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Big Tobacco is bad for free enterprise because they have a history of censoring scientific studies, utilizing political leverage, greatly influencing the media and violating fair business practices. The modern-day war that Big Tobacco has launched against the newly popular vaping industry is the best example that demonstrates the real power of these aspects and their ability to interfere with free enterprise.
Big Tobacco’s Past Censorship
Tobacco companies were caught red-handed covering up, altering and silencing scientific research on the dangers of cigarette smoke when over 40 million pages of secret documents were made public as part of a major settlement in 1998 (https://www.ncbi.nlm.nih.gov/pmc/articles/PMC1118313/). Prior to the settlement, international tobacco companies conspired together to suppress, buy-off and contain all independent scientific research related to cigarette smoke and cancer. Big companies used their money and power to coerce private researchers to remain silent or back away from any anti-tobacco findings.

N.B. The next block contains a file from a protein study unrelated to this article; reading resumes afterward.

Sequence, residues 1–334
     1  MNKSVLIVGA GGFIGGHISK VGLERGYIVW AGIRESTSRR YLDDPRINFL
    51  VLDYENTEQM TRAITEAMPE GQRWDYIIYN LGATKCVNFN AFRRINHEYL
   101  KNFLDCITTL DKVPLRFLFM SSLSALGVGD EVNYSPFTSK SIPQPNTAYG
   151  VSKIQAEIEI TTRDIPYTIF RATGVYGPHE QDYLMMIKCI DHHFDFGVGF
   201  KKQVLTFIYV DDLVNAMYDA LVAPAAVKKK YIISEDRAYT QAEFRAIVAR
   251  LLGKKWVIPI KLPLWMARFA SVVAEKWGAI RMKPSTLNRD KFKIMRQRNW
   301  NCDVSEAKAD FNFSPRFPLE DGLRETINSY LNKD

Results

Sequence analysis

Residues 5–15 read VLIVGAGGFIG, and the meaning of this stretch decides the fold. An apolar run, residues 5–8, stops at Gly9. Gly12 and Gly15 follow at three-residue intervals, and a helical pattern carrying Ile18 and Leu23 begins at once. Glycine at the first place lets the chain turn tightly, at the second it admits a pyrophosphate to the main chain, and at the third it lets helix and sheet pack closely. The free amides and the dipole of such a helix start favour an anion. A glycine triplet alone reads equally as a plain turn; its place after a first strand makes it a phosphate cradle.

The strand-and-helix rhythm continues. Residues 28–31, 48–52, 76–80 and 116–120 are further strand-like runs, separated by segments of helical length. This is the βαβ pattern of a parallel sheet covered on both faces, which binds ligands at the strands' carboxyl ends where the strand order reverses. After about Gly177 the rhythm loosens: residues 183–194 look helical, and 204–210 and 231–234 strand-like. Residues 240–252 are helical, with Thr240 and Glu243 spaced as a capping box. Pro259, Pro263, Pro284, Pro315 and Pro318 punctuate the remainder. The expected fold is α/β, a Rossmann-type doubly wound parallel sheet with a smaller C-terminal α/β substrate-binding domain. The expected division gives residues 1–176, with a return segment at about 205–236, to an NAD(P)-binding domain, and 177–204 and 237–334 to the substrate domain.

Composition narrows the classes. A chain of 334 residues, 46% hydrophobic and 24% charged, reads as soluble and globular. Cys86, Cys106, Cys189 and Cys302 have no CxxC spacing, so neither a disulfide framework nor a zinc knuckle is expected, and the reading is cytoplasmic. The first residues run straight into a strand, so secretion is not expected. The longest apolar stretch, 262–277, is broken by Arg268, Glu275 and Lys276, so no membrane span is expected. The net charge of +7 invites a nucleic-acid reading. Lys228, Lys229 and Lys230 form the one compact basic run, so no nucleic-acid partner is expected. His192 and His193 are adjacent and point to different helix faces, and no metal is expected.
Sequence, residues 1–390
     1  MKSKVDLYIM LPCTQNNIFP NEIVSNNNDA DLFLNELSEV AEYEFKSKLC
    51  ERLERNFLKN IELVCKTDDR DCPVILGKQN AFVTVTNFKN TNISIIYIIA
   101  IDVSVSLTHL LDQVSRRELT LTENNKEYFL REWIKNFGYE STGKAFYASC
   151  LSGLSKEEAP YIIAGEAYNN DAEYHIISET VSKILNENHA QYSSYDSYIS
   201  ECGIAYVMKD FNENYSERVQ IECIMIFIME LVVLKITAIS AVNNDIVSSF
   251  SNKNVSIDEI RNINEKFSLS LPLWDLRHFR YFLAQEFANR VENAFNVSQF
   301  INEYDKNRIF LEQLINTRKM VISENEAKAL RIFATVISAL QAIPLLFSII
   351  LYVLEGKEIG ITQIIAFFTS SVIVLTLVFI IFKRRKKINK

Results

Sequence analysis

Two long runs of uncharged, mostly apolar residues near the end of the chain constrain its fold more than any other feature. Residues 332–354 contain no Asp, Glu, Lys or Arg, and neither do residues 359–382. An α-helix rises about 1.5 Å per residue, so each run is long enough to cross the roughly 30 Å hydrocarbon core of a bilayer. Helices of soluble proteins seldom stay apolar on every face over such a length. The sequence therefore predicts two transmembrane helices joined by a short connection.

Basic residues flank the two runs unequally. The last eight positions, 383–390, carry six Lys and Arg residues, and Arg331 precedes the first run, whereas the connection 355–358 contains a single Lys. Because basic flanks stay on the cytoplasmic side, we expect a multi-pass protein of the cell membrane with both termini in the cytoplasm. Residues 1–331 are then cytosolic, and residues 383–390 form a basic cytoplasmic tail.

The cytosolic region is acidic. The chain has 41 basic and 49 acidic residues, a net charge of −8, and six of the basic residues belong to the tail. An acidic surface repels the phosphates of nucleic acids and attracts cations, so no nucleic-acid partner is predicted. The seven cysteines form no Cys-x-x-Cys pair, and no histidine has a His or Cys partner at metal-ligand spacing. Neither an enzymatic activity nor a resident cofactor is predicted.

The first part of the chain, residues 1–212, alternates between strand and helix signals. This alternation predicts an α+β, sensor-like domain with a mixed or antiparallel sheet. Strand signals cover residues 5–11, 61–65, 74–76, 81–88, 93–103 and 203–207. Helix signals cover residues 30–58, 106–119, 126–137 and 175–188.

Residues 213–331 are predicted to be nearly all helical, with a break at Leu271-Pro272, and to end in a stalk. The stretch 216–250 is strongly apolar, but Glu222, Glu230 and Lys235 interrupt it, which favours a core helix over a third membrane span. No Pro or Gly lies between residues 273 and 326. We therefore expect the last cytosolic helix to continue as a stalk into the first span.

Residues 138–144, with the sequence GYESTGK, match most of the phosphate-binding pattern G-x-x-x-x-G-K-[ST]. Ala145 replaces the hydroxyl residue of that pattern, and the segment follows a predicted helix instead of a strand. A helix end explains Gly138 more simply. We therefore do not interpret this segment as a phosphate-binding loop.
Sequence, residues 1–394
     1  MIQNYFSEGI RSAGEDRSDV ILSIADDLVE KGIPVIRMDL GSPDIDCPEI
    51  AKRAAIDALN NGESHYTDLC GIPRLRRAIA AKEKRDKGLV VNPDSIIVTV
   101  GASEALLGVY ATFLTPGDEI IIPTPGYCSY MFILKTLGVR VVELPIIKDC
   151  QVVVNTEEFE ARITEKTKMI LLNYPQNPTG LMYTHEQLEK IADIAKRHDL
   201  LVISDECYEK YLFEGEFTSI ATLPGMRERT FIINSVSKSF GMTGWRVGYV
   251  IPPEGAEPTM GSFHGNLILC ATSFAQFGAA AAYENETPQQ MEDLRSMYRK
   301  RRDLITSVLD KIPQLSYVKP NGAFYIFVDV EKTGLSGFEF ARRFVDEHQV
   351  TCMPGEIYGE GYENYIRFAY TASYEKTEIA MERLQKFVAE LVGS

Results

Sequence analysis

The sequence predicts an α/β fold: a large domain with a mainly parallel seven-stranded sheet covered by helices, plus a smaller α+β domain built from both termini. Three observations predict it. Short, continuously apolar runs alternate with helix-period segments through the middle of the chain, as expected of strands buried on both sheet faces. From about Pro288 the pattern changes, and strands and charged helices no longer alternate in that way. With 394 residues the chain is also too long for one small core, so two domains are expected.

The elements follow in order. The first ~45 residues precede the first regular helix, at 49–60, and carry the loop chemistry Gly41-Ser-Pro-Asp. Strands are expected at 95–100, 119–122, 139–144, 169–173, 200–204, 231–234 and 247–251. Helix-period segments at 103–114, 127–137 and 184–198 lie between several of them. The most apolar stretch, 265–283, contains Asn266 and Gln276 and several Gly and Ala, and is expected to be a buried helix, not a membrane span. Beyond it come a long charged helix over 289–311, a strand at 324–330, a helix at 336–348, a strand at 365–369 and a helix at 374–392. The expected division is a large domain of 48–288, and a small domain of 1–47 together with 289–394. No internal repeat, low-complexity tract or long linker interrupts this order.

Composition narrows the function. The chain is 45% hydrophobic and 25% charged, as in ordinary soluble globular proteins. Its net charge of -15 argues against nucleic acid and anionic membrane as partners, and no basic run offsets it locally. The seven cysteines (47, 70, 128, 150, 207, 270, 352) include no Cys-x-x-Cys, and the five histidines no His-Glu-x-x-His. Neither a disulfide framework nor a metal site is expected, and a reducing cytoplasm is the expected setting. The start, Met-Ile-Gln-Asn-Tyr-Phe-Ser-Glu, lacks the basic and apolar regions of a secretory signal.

The World Health Organization argues that tobacco companies responded to the fact that their product was unhealthy by creating doubt and controversy around the health risks rather than being truthful about the research. Scientists had confirmed the link between smoking and lung cancer as early as the 1950s, but tobacco companies continued to publicly deny the facts and claimed that research was inconclusive for decades. Philip Morris continued to deny that tobacco was harmful even after the conclusive US Surgeon General’s report of 1964 (http://www.who.int/tobacco/media/en/TobaccoExplained.pdf).
Censoring scientific research is extremely dangerous to free enterprise because it halts progress in other areas of scientific study and creates incentives to market addictive or unhealthy products. Keeping the cancer and cigarette link a secret, the tobacco company effectively silenced DNA-related research. Since their secret vault of documents has been made public, DNA research has exponentially increased and hundreds of diseases are being cured with these advancements.